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OPINION: Smart water meters are a simple safety system


Let’s return to those halcyon days of the mid-1950s because everything is seen better through the lens of memory. The Town of St. Albert is about to get all its drinking water from the City of Edmonton. That means residents will be billed for the product they use. Someone will be coming into homes, hacksawing water pipes and installing meters. Then every couple of months, a person without identification, will want to come into your home to read the meter and see your dirty laundry. Of course there was an opt-out program. The farmhouses could continue to use their wells; and the landing built in 1929 at the Sturgeon River for people to draw water may still exist.

Fast forward to 2017 where the meters are going high-tech. No longer will strangers with clipboards disturb homeowners to trudge through dirty basements. Water reading will be accurate, up to date, and may even detect leaks in the system.

Now there is a small group that are opposed to new technology. Nothing wrong with that. People can believe anything they want. Up to the point that it affects me, my property, my tax dollar at work and, by extension, City administration’s workload. I can imagine a conversation thus.

“No sir, I don’t like it. The internet done told me that I’m allergic to the internet. I think I have electromagnetic sensitivity. I can’t prove it. No one can prove it, but I has it and I don’t want an electric meter reader. And the City should bend over backwards to oblige me.”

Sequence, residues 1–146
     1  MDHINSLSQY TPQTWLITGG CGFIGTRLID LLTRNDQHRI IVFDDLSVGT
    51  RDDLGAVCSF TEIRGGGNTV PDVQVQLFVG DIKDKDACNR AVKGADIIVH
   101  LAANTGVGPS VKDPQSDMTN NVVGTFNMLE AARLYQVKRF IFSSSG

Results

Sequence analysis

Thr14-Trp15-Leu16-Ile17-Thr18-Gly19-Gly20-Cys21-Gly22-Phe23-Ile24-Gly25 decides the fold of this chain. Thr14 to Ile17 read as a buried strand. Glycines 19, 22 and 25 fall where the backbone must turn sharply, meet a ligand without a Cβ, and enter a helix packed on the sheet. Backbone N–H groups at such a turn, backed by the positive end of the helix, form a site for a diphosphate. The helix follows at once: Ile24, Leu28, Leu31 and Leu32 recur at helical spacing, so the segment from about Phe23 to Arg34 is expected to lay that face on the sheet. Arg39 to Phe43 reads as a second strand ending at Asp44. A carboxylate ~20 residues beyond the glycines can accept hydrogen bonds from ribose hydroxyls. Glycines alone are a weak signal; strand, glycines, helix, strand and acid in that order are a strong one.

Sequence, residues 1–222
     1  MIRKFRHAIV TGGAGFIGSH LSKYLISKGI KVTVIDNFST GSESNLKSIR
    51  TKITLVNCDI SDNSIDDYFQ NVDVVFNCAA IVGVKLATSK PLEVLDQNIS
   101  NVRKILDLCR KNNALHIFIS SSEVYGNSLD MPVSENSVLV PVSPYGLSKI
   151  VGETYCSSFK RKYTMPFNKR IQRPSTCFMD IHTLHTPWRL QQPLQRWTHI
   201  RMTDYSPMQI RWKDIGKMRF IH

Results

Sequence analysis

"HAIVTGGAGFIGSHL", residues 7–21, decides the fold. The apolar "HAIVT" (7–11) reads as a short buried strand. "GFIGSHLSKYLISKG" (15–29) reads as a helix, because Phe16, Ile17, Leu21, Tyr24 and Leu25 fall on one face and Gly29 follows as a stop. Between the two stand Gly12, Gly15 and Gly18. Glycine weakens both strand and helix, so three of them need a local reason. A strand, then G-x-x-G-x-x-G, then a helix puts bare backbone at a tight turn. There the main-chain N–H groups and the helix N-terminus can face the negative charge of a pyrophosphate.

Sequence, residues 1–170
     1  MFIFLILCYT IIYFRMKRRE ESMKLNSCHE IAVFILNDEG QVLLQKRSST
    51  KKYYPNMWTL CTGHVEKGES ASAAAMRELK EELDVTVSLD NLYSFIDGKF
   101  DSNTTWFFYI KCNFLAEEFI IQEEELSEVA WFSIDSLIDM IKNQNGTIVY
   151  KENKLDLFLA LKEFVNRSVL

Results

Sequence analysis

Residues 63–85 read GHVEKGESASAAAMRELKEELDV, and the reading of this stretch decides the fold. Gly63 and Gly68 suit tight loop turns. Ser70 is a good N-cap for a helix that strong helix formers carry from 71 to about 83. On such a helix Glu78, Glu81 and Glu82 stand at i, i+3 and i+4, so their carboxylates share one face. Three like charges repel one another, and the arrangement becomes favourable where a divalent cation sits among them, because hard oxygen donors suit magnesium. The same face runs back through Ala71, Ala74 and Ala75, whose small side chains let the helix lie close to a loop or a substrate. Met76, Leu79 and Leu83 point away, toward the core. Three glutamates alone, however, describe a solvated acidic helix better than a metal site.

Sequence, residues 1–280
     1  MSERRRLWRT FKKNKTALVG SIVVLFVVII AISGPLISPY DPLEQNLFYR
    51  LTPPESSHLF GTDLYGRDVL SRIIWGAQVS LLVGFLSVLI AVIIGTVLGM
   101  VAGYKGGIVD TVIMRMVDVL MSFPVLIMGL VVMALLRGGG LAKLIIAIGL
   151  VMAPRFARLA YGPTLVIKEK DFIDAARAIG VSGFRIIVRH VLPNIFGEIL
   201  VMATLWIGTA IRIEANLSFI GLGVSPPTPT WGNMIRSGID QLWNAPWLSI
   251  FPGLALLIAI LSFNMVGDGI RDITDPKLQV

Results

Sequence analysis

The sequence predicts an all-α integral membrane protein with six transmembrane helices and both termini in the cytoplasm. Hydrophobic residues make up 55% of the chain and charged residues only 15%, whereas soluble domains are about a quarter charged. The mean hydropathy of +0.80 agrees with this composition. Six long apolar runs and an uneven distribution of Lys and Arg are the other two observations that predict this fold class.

It’s not so much that city administration rejected this pseudoscience. It’s that they wanted to go forward with a more efficient meter reading system for everyone. It should be cost prohibitive in not contributing to the common good of the community by opting-out. In the same way that Herd Immunity or Community Immunity helps a group’s health. Adding to the workload of city staff for no good reason and stressing our tax dollars does not aid our community.

Unusual that council didn’t mention their cause. Just enabled their condition.

This situation requires more bylaws. We must bylaw our way out of this challenge. I don’t want people coming back and saying there weren’t enough bylaws. Even though I wasn’t at the meter replacement committee meeting, I know our staff is inefficient.

“I don’t want a secure device sending information on my water usage to the water company that can be spied on. I want to do that myself by telephone. I don’t want the universe knowing how little water I use. I want the universe to know about my paranoia and psychosomatic illnesses. It’s an electronic transmitter that emits radio waves just like a HAM radio, power lines, or my neighbour's WiFi. Which I totally didn’t leach off. I want the touch pad which works in the same manner. I don’t want a thingy sending radioactive waves out of my basement. And no, I don’t know what Radon is.”

My neighbour’s house is uphill and upstream from me. His water system was compromised once. If it happens again under this new system, it will affect my property. My good neighbour is gone for months at a time. A slow leak will damage my property. A high-quality notification system exists. The World Health Organization states that electromagnetic hypersensitivity (EHS) claims are dubious. Health Canada states the causes of EHS symptoms are unclear and can’t be attributed to radio frequency radiation. To not make use of a simple safety system will make the city liable.

I put it to EHS suffers, that if you are having physical signs and symptoms from a made-up illness, you are not receiving the treatment you require.

Rod Matthews, St. Albert

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